McCue: We’ve created a mold on our FDM machines, and it functioned okay. We made several parts out of that mold, but the texture wasn’t quite smooth. We probably could have post-processed the mold a little longer to get better results. I think it would work if you had low volumes, but FDM is not the best solution for a prototype mold. The molds coming off Objet printers are very nice and almost on par for aluminum tooling for 10 to 100 parts per mold set. Even with aluminum, a mold can’t be made in a day, but the Objet printers can. That’s definitely an advantage.
Gannon: We get quite a few requests for tooling where someone is at the beginning of the design process and needs to turn something around quickly in the intended material. For instance, one company had a soft-touch part, and it needed to add grippers that would be strong enough to hold, but flexible enough to easily unhook. The company wanted to test a couple different version of the design, so we created a tool that had removable inserts, and we started shooting parts within days of the project.
Gannon: The second application was a medical device trying to get through FDA clearance, which requires a sample part in the end use material. That part of the cycle generally takes 6 to 12 weeks, depending on the size of the parts, number of parts and complexity of tooling, but we had parts running in a week so the initial testing could be done.
McCue: We’ve done some CNC fixtures where we actually were milling some parts out of solid polyethylene, but to hold on to them, we FDM’d the fixtures to hold them into the machines. I can see us doing more in the future. Everything now is completely disordered and interwoven. The rapid prototyping equipment has become just another tool to get the end product that we want. Those machines are to us what a CNC is to a toolmaker.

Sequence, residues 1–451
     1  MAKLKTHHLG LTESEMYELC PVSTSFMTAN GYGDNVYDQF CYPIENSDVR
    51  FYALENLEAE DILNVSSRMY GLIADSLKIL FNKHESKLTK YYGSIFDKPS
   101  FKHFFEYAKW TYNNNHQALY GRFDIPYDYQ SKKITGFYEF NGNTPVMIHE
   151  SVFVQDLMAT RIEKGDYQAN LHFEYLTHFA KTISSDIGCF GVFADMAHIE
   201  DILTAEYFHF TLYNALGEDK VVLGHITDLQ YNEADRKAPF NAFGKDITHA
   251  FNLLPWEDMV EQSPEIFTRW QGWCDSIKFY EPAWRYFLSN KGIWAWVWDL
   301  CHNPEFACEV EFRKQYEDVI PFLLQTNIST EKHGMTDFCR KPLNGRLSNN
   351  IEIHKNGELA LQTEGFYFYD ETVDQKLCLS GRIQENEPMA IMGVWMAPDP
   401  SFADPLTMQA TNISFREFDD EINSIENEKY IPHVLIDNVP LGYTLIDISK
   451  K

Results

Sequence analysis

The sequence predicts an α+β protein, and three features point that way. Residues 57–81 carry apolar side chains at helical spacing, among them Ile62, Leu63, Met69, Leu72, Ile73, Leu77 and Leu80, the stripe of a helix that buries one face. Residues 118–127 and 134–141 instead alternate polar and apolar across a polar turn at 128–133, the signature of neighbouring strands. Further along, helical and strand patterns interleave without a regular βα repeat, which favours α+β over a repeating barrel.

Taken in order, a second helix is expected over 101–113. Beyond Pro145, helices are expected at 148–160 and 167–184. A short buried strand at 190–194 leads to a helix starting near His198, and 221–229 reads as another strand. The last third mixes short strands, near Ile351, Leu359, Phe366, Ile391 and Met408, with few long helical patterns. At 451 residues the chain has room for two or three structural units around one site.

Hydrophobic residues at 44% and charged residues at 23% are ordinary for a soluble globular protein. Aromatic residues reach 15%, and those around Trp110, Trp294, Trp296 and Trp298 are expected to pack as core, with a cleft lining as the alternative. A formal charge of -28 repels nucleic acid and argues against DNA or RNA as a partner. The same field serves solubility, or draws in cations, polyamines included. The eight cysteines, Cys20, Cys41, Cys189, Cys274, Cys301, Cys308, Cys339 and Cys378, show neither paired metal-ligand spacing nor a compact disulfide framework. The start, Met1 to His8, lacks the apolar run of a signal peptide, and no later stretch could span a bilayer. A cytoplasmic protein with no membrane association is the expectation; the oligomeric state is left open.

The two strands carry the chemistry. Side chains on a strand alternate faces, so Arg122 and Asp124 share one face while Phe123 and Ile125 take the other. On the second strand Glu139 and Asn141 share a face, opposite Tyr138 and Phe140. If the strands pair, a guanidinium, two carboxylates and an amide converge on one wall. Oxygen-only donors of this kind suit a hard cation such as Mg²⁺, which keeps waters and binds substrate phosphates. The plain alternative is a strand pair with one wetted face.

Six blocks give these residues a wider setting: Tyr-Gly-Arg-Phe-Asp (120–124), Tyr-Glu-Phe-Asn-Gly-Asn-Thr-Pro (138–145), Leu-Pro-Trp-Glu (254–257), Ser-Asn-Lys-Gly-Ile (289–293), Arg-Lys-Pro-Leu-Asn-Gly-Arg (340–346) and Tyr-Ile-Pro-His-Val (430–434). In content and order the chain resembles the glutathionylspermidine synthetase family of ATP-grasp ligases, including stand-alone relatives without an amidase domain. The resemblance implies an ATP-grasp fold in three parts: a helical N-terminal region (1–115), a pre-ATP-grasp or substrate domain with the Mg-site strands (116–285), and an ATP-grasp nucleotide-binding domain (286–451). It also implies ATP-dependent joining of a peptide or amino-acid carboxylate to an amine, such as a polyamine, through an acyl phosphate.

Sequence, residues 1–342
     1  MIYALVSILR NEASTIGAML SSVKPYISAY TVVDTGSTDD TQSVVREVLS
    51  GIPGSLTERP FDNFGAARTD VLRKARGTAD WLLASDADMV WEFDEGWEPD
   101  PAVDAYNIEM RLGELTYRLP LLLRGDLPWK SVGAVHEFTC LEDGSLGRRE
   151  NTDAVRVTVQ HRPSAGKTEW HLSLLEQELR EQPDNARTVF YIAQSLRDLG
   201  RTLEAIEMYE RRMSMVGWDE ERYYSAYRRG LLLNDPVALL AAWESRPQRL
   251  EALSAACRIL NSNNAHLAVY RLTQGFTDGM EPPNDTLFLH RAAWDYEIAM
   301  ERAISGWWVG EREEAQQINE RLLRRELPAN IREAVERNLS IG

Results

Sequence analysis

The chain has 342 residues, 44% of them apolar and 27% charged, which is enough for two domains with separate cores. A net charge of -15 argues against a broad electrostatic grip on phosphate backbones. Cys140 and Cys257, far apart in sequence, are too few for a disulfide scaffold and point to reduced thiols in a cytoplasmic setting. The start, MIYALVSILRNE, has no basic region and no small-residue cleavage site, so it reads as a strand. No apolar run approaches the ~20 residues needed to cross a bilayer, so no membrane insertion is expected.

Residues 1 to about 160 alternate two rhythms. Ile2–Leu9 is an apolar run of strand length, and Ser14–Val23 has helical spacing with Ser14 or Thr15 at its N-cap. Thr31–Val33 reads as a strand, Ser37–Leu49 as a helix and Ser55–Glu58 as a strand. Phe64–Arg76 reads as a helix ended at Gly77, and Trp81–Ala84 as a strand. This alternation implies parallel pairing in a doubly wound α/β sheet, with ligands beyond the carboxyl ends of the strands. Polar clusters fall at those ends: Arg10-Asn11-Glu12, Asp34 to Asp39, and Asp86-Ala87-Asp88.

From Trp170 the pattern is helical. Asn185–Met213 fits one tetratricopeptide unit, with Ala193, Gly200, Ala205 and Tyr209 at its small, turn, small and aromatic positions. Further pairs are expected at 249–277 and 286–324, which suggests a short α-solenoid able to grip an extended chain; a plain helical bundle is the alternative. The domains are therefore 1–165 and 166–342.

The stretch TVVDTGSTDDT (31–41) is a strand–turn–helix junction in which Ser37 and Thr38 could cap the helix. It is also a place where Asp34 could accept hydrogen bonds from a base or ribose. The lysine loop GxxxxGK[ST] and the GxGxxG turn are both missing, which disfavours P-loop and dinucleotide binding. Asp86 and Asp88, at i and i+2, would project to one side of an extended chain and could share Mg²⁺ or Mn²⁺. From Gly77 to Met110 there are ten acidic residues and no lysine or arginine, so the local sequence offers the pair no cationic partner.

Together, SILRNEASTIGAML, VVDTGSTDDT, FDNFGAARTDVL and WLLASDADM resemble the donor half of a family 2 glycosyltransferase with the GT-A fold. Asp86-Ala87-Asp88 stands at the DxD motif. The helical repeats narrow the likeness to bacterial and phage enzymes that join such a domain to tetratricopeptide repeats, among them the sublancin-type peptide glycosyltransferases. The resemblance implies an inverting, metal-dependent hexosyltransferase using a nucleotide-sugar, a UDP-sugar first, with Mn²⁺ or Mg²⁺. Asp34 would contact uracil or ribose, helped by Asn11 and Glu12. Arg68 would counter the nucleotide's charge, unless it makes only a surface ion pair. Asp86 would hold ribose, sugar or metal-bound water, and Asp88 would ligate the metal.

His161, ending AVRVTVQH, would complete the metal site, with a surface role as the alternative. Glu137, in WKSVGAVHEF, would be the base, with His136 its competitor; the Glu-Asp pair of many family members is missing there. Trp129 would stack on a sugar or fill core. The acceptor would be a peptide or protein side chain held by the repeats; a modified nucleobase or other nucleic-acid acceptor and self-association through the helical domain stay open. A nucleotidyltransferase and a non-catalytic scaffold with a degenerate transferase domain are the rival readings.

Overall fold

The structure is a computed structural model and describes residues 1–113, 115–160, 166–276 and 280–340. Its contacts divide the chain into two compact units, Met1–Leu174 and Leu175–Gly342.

Is 3D printing a threat or opportunity for molders and moldmakers?
McCue: I wouldn’t look at 3D printing as a threat, but it changes the way we look at things. On the positive side, it fits into how we’re trying to help our customers because we’re able to verify it’s the part they want and the right specifications without retooling costs. Also, because of our experience with mold building and injection molding, we understand how the project will work in full-scale production, which keeps a stream of customers coming in with good designs and projects that are ready for molds. But, there always will be the entrepreneur who had one part printed in less than two weeks and doesn’t understand why some parts will take six months to ramp up to see something come up off a production line.
Erickson: I think it potentially steals into any potential injection molding volume, and it’s hard to see where it crosses the line for those molders that specialize in low volume. Does the decision between molding and printing come down to a financial decision? The volumes – and even future volumes – have to be taken into consideration. Even though almost any design, profile or structure can be printed, there are ones that are not injection moldable. That may give people a false perspective, and if projection volumes suddenly skyrocket, how do you explain that the parts are too expensive to make? The OEMs understand, but the smaller guys may not be aware of that.